A Model of Public Education and Income Inequality with a Subsistence Constraint
This paper constructs a model in which incomes do not necessarily converge under a public education system. School attendance creates an opportunity cost of foregone income that poorer agents might need. These poorer agents, unlike high-income agents, allocate less time to schooling and so are less able to increase their human capital. However, some agents in a poverty trap might actually have higher income, at least temporarily, than do agents who do not fall into this trap. The model also shows why better public education systems can lead to more income inequality and why a gradual allocation of resources to public education may prove more beneficial than a sudden, large shift of resources.
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Volume (Year): 69 (2002)
Issue (Month): 1 (July)
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Please report citation or reference errors to , or , if you are the registered author of the cited work, log in to your RePEc Author Service profile, click on "citations" and make appropriate adjustments.:
- Glomm, Gerhard & Ravikumar, B, 1992. "Public versus Private Investment in Human Capital Endogenous Growth and Income Inequality," Journal of Political Economy, University of Chicago Press, vol. 100(4), pages 818-34, August.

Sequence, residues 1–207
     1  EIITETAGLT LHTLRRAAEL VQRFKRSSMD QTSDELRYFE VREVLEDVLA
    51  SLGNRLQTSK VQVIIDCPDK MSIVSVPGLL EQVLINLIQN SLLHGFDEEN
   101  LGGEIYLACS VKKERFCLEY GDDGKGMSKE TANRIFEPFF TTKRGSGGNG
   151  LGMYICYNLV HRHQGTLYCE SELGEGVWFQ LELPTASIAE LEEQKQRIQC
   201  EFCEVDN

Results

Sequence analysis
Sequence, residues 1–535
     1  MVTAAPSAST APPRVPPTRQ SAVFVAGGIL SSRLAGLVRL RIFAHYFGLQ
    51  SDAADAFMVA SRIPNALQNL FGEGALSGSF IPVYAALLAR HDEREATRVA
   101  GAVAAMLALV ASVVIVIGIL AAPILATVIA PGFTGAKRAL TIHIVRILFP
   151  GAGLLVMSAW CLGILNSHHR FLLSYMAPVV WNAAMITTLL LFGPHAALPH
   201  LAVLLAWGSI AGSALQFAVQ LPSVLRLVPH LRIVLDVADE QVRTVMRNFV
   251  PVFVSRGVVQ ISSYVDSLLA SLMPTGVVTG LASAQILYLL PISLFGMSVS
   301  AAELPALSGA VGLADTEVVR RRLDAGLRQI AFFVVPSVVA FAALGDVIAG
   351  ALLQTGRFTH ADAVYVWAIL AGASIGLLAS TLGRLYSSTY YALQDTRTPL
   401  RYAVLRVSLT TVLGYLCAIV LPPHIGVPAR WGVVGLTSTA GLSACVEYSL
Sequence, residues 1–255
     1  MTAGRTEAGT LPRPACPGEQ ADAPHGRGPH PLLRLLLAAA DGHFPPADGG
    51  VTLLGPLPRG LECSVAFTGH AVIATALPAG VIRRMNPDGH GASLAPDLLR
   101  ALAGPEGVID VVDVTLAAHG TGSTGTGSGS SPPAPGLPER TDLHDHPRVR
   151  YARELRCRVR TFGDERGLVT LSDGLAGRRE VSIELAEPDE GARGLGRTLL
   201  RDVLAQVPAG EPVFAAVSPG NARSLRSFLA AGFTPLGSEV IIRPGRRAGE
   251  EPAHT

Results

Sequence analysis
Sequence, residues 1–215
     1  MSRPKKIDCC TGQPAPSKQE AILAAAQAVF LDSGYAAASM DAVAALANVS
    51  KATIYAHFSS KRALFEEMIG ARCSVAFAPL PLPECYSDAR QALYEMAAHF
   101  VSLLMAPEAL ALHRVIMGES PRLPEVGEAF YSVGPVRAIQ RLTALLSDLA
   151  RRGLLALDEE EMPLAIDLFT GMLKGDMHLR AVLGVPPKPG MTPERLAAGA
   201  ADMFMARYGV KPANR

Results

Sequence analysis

- Sylwester, Kevin, 2002. "Can education expenditures reduce income inequality?," Economics of Education Review, Elsevier, vol. 21(1), pages 43-52, February.
- Raquel Fernandez & Richard Rogerson, 1995. "On the Political Economy of Education Subsidies," Review of Economic Studies, Oxford University Press, vol. 62(2), pages 249-262.
- Oded Galor & Joseph Zeira, 2013.
"Income Distribution and Macroeconomics,"
2013-12, Brown University, Department of Economics.
- Roberto Perotti, 1993. "Political Equilibrium, Income Distribution, and Growth," Review of Economic Studies, Oxford University Press, vol. 60(4), pages 755-776.
- Jimenez, Emmanuel, 1986. "The Public Subsidization of Education and Health in Developing Countries: A Review of Equity and Efficiency," World Bank Research Observer, World Bank Group, vol. 1(1), pages 111-29, January.
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